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Redcliffe, Bristol

Coordinates: 51°26′52″N 2°35′22″W / 51.4478°N 2.5895°W / 51.4478; -2.5895
From Wikipedia, the free encyclopedia

Redcliffe is located in Bristol
Location within Bristol
OS grid referenceST 591 722
Unitary authority
Ceremonial county
Sovereign stateUnited Kingdom
Post townBRISTOL
Postcode districtBS
Dialling code0117
PoliceAvon and Somerset
AmbulanceSouth Western
UK Parliament
List of places
51°26′52″N 2°35′22″W / 51.4478°N 2.5895°W / 51.4478; -2.5895

Redcliffe, also known as Redcliff, is a district of the English port city of Bristol, lying south-east of the city centre. It is bounded by the loop of the Floating Harbour (including Bathurst Basin) to the west, north and east, together with the New Cut of the River Avon to the south. Most of Redcliffe lies within the city ward of Lawrence Hill, although the westernmost section, including the cliffs and hill from which the area takes its name, is in Cabot ward.[1][2] Bristol Temple Meads station is located in Redcliffe.

Redcliffe takes its name from the red sandstone cliffs which line the southern side of the Floating Harbour, behind Phoenix Wharf and Redcliffe Wharf. These cliffs are honey-combed with tunnels, known as the Redcliffe Caves, constructed both to extract sand for the local glass making industry and to act as store houses for goods. Part of the last remaining glass kiln in the area is now the Kiln Restaurant of the Ramada Bristol City Hotel in Redcliffe Way.[3][4]

The parish church of St. Mary Redcliffe is one of Bristol's best known churches, with the spire at a height of 292 ft (90m) making it the second tallest building in the city.


People fill a shadowed street lined with shops and houses in a mixture of architectural styles, leading towards a sunlit church tower
Redcliffe Street, by James Johnson, oil on canvas, c. 1825, showing the incomplete spire of St Mary Redcliffe looming above.

Redcliffe was originally part of the manor of Bedminster, held by the Earls of Gloucester, divided from Bristol by the river Avon. Relatively deep water alongside the outcrops of red sandstone upon which St Mary Redcliffe sits encouraged the development of wharves. Rivalries existed between residents and merchants of Redcliffe and those of Bristol. The only fixed crossing of the river was Bristol Bridge, although there were numerous ferries.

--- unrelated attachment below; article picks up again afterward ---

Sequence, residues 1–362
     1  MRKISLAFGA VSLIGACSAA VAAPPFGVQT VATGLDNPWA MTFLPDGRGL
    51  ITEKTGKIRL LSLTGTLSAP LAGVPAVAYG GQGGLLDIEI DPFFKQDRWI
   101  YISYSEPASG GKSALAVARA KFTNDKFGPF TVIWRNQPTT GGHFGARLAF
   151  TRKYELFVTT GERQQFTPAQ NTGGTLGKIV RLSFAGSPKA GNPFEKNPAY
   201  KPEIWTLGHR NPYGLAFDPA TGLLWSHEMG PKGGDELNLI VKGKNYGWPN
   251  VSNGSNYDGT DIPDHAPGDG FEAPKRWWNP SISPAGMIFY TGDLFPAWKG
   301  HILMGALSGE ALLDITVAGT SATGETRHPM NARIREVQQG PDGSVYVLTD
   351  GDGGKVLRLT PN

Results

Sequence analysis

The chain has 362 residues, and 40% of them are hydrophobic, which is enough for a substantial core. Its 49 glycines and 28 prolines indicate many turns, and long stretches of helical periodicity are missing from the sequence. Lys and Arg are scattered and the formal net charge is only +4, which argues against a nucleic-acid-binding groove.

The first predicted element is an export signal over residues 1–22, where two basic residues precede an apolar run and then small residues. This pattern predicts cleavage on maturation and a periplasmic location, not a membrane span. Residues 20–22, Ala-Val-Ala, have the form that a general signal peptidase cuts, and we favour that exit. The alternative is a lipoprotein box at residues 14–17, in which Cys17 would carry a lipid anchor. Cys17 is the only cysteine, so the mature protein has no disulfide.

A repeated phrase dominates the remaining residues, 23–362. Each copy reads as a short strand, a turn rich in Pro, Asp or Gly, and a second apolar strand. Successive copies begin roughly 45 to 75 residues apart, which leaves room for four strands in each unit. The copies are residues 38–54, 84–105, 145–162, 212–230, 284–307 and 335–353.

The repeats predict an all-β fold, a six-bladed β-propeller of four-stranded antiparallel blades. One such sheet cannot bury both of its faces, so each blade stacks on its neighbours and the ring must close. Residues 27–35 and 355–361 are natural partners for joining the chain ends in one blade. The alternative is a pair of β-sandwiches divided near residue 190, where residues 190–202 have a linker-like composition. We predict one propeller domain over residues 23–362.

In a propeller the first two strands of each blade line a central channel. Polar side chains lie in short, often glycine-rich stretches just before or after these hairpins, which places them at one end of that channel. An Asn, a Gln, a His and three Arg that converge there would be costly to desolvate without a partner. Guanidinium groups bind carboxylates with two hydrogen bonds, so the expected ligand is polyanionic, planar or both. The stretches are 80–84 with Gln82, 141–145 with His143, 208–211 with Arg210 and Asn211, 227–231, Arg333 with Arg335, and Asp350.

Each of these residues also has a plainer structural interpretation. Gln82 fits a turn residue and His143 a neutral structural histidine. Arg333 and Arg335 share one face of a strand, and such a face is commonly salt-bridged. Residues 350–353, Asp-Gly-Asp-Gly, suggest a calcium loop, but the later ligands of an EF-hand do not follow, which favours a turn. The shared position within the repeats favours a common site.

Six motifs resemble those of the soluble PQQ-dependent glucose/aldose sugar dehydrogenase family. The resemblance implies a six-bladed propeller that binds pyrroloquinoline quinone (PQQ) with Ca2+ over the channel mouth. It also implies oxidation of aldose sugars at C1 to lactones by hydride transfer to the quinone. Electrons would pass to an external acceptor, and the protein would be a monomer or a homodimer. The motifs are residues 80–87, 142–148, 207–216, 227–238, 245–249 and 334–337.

In the 12th century, Robert Fitzroy gave the Knights Templar part of Redcliffe, which then became known as Temple Fee. The Templars were granted the power to hold courts and execute felons. This right passed, along with the fee, to the Knights of St. John of Jerusalem after the suppression of the Templars.[5]

Early recorded industries in Redcliffe include weaving, fulling and dyeing. It is likely that fulling and dyeing, which could be quite noxious processes, were not welcome within the town walls of Bristol and so were established here, nearby but outside the city walls.

Map of Redcliffe in Bristol 1728

In the 13th century Redcliffe and Bristol underwent a rapid expansion, in King Henry III's reign due to a 'major harbour improvement' (Broad Quay or St. Augustines Reach). This involved the construction of a 'Great Ditch' which formed a new course for the River Frome through St Augustine's Marsh. This provided more space for ships to moor and new quays were built. In the same period a stone bridge, Bristol Bridge, was constructed. To achieve this, the river Avon was diverted through Redcliffe, along the line of the 'Portwall' and solid stone foundations laid for the bridge, behind wattle and daub coffer dams. "The men of Redcliffe" were enjoined to help these projects by Henry III.[6]

A view looking down towards a tall church spire which rises high above the surrounding trees and large modern buildings, with rows of hillside housing in the distance
St Mary's church and surrounding modern development, seen from the Cabot Tower.

A hundred years later, in 1373, Redcliffe became part of Bristol to become the city and county of Bristol. The granting of county status was important as it meant that legal disputes no longer had to be taken to courts in Gloucester, or Ilminster in Somerset.

In 1782 William Watts converted his house, near St Mary Redcliffe, into the world's first shot tower, in order to make lead shot by his innovative tower process. The Redcliffe Shot Tower remained a well-known feature of Redcliffe until 1968, when it was demolished to make way for road improvements, and shot manufacture transferred to the Cheese Lane Shot Tower on the banks of the Floating Harbour.[7]

Notable residents[edit]

A prospect of the great house in Redcliff Str. taken from the Back of Bristoll (1728)


  1. ^ "Future of Redcliffe - Supplementary Planning Document - Introduction". Bristol City Council. Retrieved 13 September 2016.
  2. ^ Ordnance Survey (2005). OS Explorer Map 155 - Bristol & Bath. ISBN 0-319-23609-9.
  3. ^ "The Caves - History". Retrieved 19 June 2006.
  4. ^ "Glassworks". Retrieved 19 June 2006.
  5. ^ Latimer, John (1908). "II". Sixteenth Century Bristol. Bristol: J. W. Arrowsmith. pp. 16–17.
  6. ^ Manson, Michael (2000). Bristol Beyond the Bridge - the Turbulent History of Redcliffe, Temple and St Thomas. Past and Present Press. ISBN 978-0-9532082-2-7.[page needed]
  7. ^ Efstathios, Tsolis (10 March 2007). "An Awkward thing" (PDF). University of Bristol. Retrieved 20 March 2015.

External links[edit]